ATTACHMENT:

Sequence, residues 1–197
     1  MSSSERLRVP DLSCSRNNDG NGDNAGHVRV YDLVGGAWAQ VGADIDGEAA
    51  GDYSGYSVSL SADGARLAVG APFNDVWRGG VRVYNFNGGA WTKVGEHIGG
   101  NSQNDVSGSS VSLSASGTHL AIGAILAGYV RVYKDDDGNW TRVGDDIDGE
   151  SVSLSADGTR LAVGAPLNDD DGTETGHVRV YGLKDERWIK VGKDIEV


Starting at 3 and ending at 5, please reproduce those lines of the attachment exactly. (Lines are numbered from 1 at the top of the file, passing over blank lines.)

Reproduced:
    51  GDYSGYSVSL SADGARLAVG APFNDVWRGG VRVYNFNGGA WTKVGEHIGG
   101  NSQNDVSGSS VSLSASGTHL AIGAILAGYV RVYKDDDGNW TRVGDDIDGE
   151  SVSLSADGTR LAVGAPLNDD DGTETGHVRV YGLKDERWIK VGKDIEV